Spy cams are set to deliver a safari-style experience from the comfort of your home

January 16, 2020 10:00:42 AM

Of course, nothing beats seeing animals in the wild. But documentaries come a close second – especially when innovative ‘spy cams’ are involved.

A new series of Spy In The Wild returns to BBC One for a four-part series with 36 new spies, including a baby gorilla, flying foxes and even a Spy Grub. With the devices more authentic and reactive than ever before, the footage captured is both educational and entertaining in equal measure.

Here’s a taste of what to expect…

These are the most realistic spy cams yet

A capuchin monkey investigating Spy Monkey in the Amazon rainforest, Brazil (John Downer Productions/BBC/PA)
A capuchin monkey investigating Spy Monkey in the Amazon rainforest, Brazil (John Downer Productions/BBC/PA)

Building on the success of series one, the animatronic animal stars now respond to their real-life counterparts with even more realistic mannerisms. “Every animal not only has to look like them, it has to give the right reactions,” says series director John Downer. “We discuss the very areas where we need degrees of expression and where to put in the detail.”

Although the team won’t reveal exactly how much the mechanical creatures cost (a good guess suggests tens of thousands), they admit each one takes about six months to build.

Mannerisms are spot on

A mountain gorilla family meet Spy Gorilla in Uganda (John Downer Productions/BBC/PA)
A mountain gorilla family meet Spy Gorilla in Uganda (John Downer Productions/BBC/PA)

Undoubtedly, the star of the first Tropics episode is Spy Gorilla. Aware clever great apes would easily smell the scent of humans on the new arrival, the team paid even greater attention to the realism of its movements.

“It’s not to make too long an eye contact with the gorilla,” Downer points out. “Even getting the hand to come up – and of course the chest beating.”

In the programme, the gorilla is soon accepted by the troop. Downer credits the specialist operators for their quick reactions. “They put themselves in the head of that spy, and they basically become a baby gorilla; it’s totally intuitive to them. What they see the gorillas do, they emulate and respond to them. That’s what makes it instantaneous and spontaneous.”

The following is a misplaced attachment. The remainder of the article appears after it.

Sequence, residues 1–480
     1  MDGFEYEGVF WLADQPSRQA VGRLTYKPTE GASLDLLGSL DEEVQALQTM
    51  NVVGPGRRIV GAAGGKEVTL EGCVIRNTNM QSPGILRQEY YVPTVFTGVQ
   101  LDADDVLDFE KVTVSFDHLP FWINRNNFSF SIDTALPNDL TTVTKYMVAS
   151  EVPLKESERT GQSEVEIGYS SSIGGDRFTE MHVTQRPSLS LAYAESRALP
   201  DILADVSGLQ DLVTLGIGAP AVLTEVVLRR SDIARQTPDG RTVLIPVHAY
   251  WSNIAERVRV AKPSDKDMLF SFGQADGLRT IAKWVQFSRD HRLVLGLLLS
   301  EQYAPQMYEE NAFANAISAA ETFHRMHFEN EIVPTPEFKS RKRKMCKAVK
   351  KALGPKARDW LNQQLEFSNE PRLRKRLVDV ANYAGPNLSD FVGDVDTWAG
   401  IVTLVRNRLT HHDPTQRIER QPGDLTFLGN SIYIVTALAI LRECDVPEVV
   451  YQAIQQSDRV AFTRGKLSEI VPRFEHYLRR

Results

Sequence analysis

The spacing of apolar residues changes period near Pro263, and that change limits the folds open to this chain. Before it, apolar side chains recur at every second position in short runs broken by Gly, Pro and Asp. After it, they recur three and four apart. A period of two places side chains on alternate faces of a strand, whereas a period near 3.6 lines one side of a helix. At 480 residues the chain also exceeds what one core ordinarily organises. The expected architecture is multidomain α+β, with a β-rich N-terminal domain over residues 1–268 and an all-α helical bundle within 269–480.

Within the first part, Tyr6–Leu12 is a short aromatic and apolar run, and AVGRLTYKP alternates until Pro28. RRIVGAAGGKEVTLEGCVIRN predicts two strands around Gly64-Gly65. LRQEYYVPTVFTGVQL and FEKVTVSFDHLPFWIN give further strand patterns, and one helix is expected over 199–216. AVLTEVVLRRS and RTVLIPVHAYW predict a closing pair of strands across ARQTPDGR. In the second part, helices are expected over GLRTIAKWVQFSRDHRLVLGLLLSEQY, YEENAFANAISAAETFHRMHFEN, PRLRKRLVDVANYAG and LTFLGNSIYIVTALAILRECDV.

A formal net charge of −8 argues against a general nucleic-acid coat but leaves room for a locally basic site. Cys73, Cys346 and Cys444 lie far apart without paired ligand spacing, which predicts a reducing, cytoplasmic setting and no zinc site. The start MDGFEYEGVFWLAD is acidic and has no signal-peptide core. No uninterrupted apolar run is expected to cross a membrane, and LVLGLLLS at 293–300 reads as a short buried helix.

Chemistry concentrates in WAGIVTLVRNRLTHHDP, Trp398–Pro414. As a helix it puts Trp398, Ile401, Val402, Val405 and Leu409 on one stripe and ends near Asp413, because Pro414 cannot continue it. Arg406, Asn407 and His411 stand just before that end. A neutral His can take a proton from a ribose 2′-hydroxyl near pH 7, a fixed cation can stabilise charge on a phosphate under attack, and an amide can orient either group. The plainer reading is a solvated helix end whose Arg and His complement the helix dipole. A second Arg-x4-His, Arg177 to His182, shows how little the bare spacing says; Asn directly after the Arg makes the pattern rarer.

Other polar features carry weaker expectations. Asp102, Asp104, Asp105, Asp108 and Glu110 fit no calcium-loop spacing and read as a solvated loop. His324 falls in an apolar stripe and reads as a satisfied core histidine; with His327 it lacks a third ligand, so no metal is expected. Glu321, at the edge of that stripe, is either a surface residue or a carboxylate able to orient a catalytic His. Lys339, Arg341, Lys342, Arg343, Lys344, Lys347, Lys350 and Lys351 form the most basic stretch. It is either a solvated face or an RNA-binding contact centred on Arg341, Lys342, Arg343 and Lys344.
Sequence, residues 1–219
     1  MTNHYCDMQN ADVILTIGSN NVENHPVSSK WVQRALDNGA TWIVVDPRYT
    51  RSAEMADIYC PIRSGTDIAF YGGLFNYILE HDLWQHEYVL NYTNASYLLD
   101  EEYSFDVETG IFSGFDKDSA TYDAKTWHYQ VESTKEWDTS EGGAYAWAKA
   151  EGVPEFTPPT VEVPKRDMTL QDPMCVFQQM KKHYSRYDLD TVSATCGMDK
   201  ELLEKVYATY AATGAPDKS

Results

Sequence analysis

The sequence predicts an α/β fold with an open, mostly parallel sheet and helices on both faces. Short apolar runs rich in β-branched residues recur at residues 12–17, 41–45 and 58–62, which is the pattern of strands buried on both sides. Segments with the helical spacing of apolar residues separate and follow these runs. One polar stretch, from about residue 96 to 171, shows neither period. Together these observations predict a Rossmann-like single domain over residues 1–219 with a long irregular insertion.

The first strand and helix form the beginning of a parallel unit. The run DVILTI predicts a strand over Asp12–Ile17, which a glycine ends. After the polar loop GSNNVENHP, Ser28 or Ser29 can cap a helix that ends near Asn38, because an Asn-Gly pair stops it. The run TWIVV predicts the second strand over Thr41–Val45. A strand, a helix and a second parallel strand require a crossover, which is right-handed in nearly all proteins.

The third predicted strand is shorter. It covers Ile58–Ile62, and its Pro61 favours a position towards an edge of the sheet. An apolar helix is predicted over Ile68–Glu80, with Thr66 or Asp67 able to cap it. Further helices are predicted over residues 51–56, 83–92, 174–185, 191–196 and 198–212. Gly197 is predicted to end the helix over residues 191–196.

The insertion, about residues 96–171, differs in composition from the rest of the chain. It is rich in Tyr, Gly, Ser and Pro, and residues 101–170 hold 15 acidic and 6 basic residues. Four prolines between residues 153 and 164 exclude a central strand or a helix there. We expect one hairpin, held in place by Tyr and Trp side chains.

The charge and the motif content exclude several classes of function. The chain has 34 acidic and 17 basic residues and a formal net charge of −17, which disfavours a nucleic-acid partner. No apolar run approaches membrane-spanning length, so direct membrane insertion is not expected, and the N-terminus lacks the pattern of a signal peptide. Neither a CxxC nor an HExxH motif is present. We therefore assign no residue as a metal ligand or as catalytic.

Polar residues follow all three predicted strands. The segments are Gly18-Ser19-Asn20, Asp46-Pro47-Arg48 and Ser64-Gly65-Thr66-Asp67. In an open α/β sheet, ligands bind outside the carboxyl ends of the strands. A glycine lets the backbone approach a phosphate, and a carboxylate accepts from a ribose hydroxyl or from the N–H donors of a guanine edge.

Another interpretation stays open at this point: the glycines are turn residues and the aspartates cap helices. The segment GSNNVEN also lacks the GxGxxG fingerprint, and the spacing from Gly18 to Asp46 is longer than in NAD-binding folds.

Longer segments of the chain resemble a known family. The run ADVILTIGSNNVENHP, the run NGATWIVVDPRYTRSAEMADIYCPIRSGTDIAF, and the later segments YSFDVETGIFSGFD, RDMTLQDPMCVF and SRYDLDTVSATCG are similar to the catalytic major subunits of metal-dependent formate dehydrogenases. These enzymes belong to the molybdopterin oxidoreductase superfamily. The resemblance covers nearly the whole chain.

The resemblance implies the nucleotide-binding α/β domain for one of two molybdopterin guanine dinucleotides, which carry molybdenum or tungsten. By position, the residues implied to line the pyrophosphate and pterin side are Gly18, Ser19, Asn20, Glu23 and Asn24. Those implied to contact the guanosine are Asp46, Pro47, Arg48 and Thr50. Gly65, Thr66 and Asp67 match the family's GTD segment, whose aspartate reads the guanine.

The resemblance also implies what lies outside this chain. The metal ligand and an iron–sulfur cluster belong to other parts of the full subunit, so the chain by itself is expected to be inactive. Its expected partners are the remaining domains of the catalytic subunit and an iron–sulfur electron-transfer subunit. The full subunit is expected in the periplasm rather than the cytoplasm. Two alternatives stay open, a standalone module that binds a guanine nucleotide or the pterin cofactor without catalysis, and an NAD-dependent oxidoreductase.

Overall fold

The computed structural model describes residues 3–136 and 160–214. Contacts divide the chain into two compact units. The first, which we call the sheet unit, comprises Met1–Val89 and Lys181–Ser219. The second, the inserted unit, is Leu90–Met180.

The survival rate is high

Little red flying foxes, in Australia's Northern Territory (John Downer Productions/BBC/PA)
Little red flying foxes, in Australia’s Northern Territory (John Downer Productions/BBC/PA)

When the team arrived in Uganda’s Bwindi Impenetrable Forest to start filming, they admit the on-site primatologist doubted the machines would survive. “You see that silverback? I think he’s going to smash it,” she told them. “I hope it doesn’t cost much.”

Downer was unfazed. “We are getting much more confident now, as it’s so rare that any of them actually get damaged,” he says. “There’s this strange thing that happens where they understand it’s like them; it’s what they’re comfortable with but they know there’s something a little bit different, which seems to hold back the aggression.”

Ground-breaking sequences are in store

A mountain gorilla family look into the camera (John Downer Productions/BBC/PA)
A mountain gorilla family look into the camera (John Downer Productions/BBC/PA)

One of the advantages of using spy cams is the intimate view they provide, allowing the team – on occasion – to capture behaviour never filmed before. The gorilla sequence, for example, features footage of a troop singing.

“That was extraordinary,” says Downer. “We’d heard it, but only realised how valuable it was when we started listening back to the spies. We suddenly realised we had this rich reserve of incredible material that scientists were so excited about. No-one had ever recorded it in the wild.”

In fact, it’s this close connection that really makes Spy In The Wild 2 a ground-breaking wildlife series.

“Scientists spend a lifetime with these animals,” says Downer. “But once they see the views from the spy cam, they say they’ve never seen them look so human. We want people to realise the connection we have with life on our planet.”

3 more series highlights…

1. Monarch butterflies in Mexico
Using drone technology, the team created a Spy Hummingbird, which gives an intimate peek at the world’s greatest (and longest) migration of monarch butterflies from Canada to Mexico.

Spy Hummingbird flies with monarch butterflies in Mexico (John Downer Productions/BBC/PA)
Spy Hummingbird flies with monarch butterflies in Mexico (John Downer Productions/BBC/PA)

2. Komodo dragons in Indonesia
Eager to showcase a softer side to these fierce reptiles, the team attempted to film a romance sequence. A Spy Pig cam, however, was lost in the action.

3. Elephant seals in South Georgia
Emulating a multi-tonne hulk of blubber, Spy Elephant Seal is the biggest spy cam ever produced. When rearing up in battle, it’s almost 10-foot high.

Spy In The Wild 2 starts on BBC One on Wednesday, January 22.

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